Earlier: a Muslim man is attempting to leave the parking lot when his car is surrounded by protesters: something is thrown in front of his front left tire. Brakes squealing, a woman in hijab rushes to retrieve whatever was thrown and, seeing a man standing in her way, shoves him. He pulled out a knife and Ramon Mejia — leader of the One Love counter protest — and several others jump in between the knife and the girl. No nails under the car; just a piece of paper — the latest Charlie Hebdo cover, a caricature of theProphet, apparently thrown there so it would be crushed by the car — a sick bit of irony, maybe. / This is what Ramon told me on the phone the next day as the only example of violence at the protest. Ramon was raised Catholic but serving in Iraq changed him: “I was taught leading up to the war that these were our enemy. There was a particular moment when I was in Baghdad; it was night and there was a fear that we were going to be attacked and we were gonna be overrun and I stayed up awake and made sure that we were all secure. It was right before sunrise that I heard the call to prayer. When I heard it, I didn’t understand what the words were but it was this somber feeling, this idea, like it was peaceful for even just a second.” He came home and, later, converted to Islam. “There are very clear similarities to Mexican and Islamic immigrants — while we don’t speak the same language or have the same religion we do have the same culture and family values. My father, being an immigrant from Mexico, growing up I saw him being made fun of or talked negatively about or being told ‘speak English! You’re in this country now!’ I heard him being told very gruesome, very nasty things when I was young … last night I was wearing my shirt, ‘Iraq War Veterans Against the War’ and people are telling me that I’m a traitor, that I deserve to get my head cut off. Those are the similarities I see, hatred for the unknown immigrant, or the immigrants that are here to intrude on American values and the American way of life.”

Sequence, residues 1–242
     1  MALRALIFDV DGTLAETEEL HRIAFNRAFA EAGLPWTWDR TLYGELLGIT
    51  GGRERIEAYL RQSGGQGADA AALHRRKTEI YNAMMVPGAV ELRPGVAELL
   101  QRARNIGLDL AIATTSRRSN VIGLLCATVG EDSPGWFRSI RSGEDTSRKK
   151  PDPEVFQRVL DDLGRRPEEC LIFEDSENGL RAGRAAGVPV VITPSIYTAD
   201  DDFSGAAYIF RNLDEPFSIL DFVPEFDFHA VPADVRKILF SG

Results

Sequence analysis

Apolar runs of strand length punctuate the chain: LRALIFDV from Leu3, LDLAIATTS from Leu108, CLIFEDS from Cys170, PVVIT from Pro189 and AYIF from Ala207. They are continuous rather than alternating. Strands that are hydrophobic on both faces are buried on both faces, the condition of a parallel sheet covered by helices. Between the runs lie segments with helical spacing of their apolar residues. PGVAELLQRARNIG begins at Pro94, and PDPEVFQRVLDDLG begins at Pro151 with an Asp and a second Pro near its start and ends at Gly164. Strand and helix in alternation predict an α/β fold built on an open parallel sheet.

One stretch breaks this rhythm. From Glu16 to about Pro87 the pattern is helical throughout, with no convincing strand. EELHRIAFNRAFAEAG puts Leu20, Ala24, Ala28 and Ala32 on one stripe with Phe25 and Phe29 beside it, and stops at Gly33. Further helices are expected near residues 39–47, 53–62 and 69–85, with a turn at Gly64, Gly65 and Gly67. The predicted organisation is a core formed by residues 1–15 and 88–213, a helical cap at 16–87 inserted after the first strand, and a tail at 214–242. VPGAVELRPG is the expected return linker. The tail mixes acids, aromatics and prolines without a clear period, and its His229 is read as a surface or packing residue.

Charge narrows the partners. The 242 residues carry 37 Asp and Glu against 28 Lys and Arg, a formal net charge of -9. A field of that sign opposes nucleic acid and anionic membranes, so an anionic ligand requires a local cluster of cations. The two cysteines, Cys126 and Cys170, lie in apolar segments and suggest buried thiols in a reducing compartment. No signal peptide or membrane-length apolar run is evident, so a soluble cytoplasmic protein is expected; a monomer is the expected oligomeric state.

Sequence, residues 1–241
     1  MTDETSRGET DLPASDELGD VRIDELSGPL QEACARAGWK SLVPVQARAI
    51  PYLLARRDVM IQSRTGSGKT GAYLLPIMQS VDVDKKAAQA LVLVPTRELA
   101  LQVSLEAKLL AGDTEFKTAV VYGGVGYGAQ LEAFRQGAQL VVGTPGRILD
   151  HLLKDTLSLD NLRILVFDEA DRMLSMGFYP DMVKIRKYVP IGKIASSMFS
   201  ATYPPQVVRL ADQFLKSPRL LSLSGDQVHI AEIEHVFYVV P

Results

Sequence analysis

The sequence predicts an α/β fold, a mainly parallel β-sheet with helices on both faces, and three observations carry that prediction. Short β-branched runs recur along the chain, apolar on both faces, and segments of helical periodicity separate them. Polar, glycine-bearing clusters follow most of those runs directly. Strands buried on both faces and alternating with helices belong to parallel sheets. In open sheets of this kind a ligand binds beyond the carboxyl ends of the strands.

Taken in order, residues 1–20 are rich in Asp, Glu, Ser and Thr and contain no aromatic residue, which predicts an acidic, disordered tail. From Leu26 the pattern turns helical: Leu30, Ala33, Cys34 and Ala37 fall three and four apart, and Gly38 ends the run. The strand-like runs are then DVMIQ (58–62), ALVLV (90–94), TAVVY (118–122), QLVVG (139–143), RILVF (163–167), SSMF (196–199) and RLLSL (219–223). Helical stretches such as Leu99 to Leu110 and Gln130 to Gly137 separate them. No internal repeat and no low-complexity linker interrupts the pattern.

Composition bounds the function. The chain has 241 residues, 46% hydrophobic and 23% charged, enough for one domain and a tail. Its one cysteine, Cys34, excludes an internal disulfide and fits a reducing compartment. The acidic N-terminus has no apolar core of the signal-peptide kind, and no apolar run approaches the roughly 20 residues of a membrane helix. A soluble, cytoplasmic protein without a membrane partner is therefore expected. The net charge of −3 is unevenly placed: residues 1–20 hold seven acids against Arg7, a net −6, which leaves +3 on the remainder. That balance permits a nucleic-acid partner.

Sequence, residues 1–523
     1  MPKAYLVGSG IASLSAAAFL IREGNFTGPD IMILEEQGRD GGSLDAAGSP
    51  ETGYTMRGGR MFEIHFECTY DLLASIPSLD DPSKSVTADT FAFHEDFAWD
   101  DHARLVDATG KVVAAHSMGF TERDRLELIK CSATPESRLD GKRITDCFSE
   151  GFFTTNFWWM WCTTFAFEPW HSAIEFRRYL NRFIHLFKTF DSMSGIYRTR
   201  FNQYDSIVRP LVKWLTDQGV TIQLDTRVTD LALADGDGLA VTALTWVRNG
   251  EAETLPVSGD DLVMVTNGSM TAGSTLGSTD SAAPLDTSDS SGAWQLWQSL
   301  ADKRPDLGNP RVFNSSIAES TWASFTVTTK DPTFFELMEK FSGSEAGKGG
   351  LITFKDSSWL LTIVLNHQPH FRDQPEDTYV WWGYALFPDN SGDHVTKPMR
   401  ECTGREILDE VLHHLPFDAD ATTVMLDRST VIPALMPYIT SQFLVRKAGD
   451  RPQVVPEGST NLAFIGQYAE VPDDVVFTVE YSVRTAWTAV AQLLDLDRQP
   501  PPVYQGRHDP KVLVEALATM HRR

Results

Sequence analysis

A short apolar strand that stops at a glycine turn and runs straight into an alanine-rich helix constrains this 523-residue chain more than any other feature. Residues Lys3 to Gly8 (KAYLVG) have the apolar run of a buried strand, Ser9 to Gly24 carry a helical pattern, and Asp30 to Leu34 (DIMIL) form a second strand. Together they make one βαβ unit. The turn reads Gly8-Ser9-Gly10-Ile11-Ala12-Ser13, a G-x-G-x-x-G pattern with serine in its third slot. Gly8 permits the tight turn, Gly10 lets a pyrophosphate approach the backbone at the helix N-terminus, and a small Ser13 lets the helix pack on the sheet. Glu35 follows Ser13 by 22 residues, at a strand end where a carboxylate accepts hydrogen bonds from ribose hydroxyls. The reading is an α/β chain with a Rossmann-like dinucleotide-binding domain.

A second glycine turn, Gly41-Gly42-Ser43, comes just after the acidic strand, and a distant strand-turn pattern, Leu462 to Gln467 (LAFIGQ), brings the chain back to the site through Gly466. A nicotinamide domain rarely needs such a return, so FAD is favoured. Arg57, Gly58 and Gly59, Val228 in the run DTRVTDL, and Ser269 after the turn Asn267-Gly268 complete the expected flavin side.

By the time I arrived at the protest the crowds were half of their peak and most of the Muslim conference attendees had gone inside — but not all. I ran into Ali Mahmoud and several of his fellow ALM members: if you’re not familiar, Ali started the first Muslim fraternity in the U.S., Alif Laam Meem, their name a play on a well-known verse from the Quran. I interviewed Ali months ago for a story I’m working on; Dylan Hollingsworth is also working on a documentary about the group. Here’s what Sharq M. had to say. // Can you tell me why you’re here today? /Yeh, we’re just here protesting man, enjoying the protest, just trying to put some humor in here and, uh, just making some jokes about what’s being said. / What does your sign say? / ‘The Cowboys lost because the refs are Muslims’, so for the most part the reactions have been pretty good, over there though it’s kind of hardcore, somebody got pissed off but hey, we’re trying to have a good time. /What are you protesting exactly? / Actually I’m not protesting anything, I’m just trying to inject some conic relief, the tenseness that’s happening here right now. /And what’s going on in the event? / So this event, theyr’e combatting — it’s a conference and they want to combat extremism, terrorism, you know all that stuff that happened in Paris, they’re trying to find a way to go against that and make sure this stuff doesn’t happen. It’s kind of weird that we’re having this protest when it’s an event that’s trying to combat terrorism so what, are these people here protesting our safety? What’s going on?